February 23, 2022

M&A Terms You Should Know: “Earnout”

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In the world of transactions, there is lots of “fun” jargon to digest. Buying or selling businesses is referred to as Mergers and Acquisitions, M&A for short. The abbreviation M&A is only the tip of the word soup iceberg though. Q of E (Quality of Earnings), EBITDA (Earnings Before Interest, Taxes, Depreciation, and Amortization), the multiple (how many times the earnings a Buyer is willing to pay you for your business), and a Seller carry (the Seller holding a note for some of the purchase price) are just a few of the terms you will hear bandied about.

If you intend to sell your business at some point, you need to know what these terms mean and the concepts behind them. Another term you will encounter, which is what we will discuss this month, is an “Earnout.”

Earnouts are everywhere in M&A. Essentially, an Earnout is a kind of bonus or contingent part of your purchase price should the business hit a specific milestone in a certain time frame after the new Buyer takes over. An Earnout is often used to (at least in the Buyer’s mind) reasonably bridge the gap between what the Seller wants for the business and what the Buyer is ultimately willing to pay.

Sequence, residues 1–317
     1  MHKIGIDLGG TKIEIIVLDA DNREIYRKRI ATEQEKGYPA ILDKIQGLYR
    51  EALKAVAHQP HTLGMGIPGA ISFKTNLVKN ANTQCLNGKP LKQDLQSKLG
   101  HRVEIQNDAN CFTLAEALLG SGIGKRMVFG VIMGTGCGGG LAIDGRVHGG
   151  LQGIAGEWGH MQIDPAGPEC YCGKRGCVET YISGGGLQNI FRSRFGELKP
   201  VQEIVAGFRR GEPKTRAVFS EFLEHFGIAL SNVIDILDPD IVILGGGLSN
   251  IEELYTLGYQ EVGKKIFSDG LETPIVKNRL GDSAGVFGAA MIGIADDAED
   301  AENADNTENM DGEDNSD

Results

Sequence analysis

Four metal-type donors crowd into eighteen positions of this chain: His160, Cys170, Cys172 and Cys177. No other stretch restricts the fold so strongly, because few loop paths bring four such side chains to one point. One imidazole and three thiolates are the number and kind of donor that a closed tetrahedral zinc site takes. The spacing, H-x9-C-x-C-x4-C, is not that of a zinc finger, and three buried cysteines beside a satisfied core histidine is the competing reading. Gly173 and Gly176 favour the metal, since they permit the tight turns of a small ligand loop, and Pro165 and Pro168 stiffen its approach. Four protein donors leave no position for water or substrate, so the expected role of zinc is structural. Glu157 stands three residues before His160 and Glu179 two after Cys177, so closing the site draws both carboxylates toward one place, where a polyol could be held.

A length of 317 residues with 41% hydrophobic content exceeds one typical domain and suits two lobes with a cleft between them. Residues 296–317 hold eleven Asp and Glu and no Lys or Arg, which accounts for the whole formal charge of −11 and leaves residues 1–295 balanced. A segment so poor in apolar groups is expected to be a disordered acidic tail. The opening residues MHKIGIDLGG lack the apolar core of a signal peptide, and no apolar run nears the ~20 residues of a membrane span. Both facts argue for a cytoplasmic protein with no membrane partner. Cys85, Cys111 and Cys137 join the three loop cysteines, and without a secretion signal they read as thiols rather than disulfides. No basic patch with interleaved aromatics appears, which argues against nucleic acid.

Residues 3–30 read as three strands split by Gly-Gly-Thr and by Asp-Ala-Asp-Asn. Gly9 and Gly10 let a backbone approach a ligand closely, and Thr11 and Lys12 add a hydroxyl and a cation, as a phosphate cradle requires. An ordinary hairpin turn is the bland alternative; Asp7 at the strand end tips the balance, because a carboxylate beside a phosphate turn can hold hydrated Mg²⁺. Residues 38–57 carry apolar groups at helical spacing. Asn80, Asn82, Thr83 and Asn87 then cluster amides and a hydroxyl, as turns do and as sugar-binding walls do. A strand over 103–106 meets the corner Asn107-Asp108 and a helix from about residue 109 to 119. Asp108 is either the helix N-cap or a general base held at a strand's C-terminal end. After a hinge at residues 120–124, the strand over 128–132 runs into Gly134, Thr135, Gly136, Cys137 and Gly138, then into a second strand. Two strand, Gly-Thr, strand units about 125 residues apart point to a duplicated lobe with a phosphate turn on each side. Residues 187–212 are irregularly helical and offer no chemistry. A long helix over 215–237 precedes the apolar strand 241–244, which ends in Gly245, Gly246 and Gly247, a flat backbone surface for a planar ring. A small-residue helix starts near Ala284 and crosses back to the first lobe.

In most cases, Earnouts are tied to specific financial metrics. They can also be non-monetary like winning a big contract that is “in process” but not quite complete by the time the deal closes.

Buyers appreciate Earnouts because they are typically “stretch goals,” low risk, keep the purchase price in line, and incent the old owner to work for the greater good. Sellers typically don’t like Earnouts because, well, they want the cash in hand.

If you are selling your business and are offered an Earnout, remember the following:

1. Participate actively in the Earnout negotiation. Stretch goals are good. Pie in the sky is a waste of time.

2. What is the “term,” or time frame?

3. How will the payments be structured? Annually, quarterly, etc.

4. Compare apples to apples – meaning if the Buyer (particularly Private Equity) is involved in the Earnout, make sure you understand how they intend to run the financials after close. If you aren’t doing GAAP accounting now (which most Sellers don’t use), you may be in for a shock on the calculation.

In the last couple of years, I have been involved in transactions with some complicated Earnouts, and I’ve had a few unfortunately devolve into threatened litigation. Therefore, I prefer Earnouts to be transparent, easy to understand, and with some kind of minimum and maximum component. In other words, the Seller will gain something even if the business doesn’t hit the stretch goal.

Contrary to its name, the most important thing to know about an Earnout is they are hardly ever actually earned, so understand that the cash part of your purchase price is the only thing you will likely pocket. An Earnout should be the gravy on top, not the meatloaf itself.